1917 by Sam Mendes: A Journey into the Dualism of Human Nature

Updated: Mar 1

By: Rosi Corrado

Schofield in "1917" © Universal Studios

“Magnificent” is the word coming to mind when watching 1917 directed by Sam Mendes.

Although, as the title suggests, WWI represents a gruesome and gory war, the film “1917” is magnificent for its demonstration of the dualism of human nature.

That is to say, “1917” does a spectacular job at depicting that mankind is able to commit atrocious acts like war but at the same time possess qualities like compassion and the capacity to love.

Further, the mediums through which this movie expresses this reality is through its wonderful cinematography, suspense, and authenticity of emotions which will be seen in more detail along this review.

The viewer is immediately immersed in the British trenches in French territory where two young lance corporals, Schofield (George MacKay) and Blake (Dean Charles Chapman) are assigned a perilous task by general Erinmore (Colin Firth).

They are to cross a German enemy scattered territory to reach the British Battallion commanded by Col. Mackenzie (Benedict Cumerbatch) to warn him to call off his attack on the Germans.

In fact, although it appears the enemy has retreated, a British plane recollection has revealed that the Germans are indeed tricking the Brits by moving their trenches west.

The attack, if not stopped, would result in the slaughter of more than 16,000 British soldiers.

The two lance corporals set off for their journey, which is shown as a long and extraordinary single shot.

We viewers are plunged with them into the trenches, we are thrown into mud, we are left with the sense of smell of the dead bodies lying all over.

We feel the agitation, the fear and the resilience of the two young men in a perspective which is the same as theirs.

After Blake dies in the arms of Schofield, he is left to continue the journey alone.

We feel every drop of fear and courage as well as the “humanity” of the characters as seen in the explanations below.

He proceeds through a French town on fire and then survives a trip into a river to finally join the British battalion.

The cinematography by Roger Deakins is extraordinary in the dark French town where complete darkness is broken by flashes of fire and flashes of gunshots which may also represent a visual metaphor for the alternation between life and death.

Further, the darkness brings us to resonate with Schofield and to feel the fear he experiences at dodging the gunshots.

Amidst the atrocity of war, there is a moment of tenderness when the British corporal finds a French girl with a baby and leaves them his provisions of food before continuing his mission.

This is an example of Schofield’s “humanity” and compassion towards another human being that, in a fleeting moment, triumphs over the cruelty and violence of war.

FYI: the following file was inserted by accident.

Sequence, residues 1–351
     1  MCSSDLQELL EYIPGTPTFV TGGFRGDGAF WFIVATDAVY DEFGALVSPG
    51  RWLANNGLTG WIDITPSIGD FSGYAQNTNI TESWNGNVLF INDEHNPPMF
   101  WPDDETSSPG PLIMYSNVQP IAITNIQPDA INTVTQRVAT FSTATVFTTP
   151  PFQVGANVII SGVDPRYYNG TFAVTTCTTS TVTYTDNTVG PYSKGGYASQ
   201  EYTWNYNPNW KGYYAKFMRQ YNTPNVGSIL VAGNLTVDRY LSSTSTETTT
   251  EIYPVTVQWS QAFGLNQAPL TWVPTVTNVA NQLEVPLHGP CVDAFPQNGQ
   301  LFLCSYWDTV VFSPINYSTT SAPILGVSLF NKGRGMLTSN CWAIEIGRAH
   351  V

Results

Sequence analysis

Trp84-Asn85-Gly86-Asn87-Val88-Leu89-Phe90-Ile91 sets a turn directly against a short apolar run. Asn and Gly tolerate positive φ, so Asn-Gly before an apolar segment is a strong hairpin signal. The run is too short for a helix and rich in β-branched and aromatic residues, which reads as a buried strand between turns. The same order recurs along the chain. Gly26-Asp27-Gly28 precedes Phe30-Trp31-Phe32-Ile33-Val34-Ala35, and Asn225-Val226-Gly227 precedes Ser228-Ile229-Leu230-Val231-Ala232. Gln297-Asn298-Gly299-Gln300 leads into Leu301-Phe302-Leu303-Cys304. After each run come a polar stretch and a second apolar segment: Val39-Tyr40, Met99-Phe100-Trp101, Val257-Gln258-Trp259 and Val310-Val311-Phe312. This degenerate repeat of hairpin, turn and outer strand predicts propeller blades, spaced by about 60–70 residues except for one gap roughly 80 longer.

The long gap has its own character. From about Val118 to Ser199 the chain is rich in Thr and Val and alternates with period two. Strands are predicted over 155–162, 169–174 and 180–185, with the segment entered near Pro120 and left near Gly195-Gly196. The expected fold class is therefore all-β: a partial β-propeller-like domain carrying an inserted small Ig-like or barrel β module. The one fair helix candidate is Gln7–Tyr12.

This film won seven BAFTAS, including “best film” and “best direction,” gained three Oscars, for “sound”, “cinematography,” and “special effects” along with two golden globes for “best drama” and “best director”.

What struck me the most about this film is how it was able to portray the crude reality of war – and make its audience’s heart skip to the beat of gunshots – but at the same time, remind the audience that despite the atrocity of war, compassion and love persist within human nature.

What is most remarkable about this film is the authenticity of the tale, as it was inspired by and dedicated to Sam Mendes’ grandfather, Alfred Mendes, who acted as a messenger during World War I and related his story to his grandson.

In the last shot, we see the expressive face of Schofield (George MackCay) where weariness, relief, sadness and a feeling of the absurdity of war are expressed at the same time.

The words of Col. Mackenzie (Benedict Cumberbatch) resonate with us: “Yes, I’ll call off the attack today, but there will be another order in a couple of days, to attack again.”

This phrase uttered by Col. Mackenzie means that, although he is relieved to call off the attack, he is well aware that war is not over and other attacks will occur.

Therefore, this phrase reiterates the whole essence and complexity of the dualism in human nature: the propensity towards love and peace, in perpetual battle with its propensity to destroy.

Rosi Corrado holds a PHD in Linguistics and Italian, a Master’s in Italian Language and a BA in Modern Foreign Languages. From 1999-2005 she taught Italian Language and Culture and Brown University and Boston College. From 2008-2010 she worked as cultural attachée at the Italian Embassy of Tbilisi, Georgia where, among many things, she organized and managed the participation of Italy in the International Film Festival of Tbilisi. From 2010-2013 she taught a seminar in film at the University of Athens. There, she produced a short film entitled "Una Bouganvilla ad Atene" with her students.

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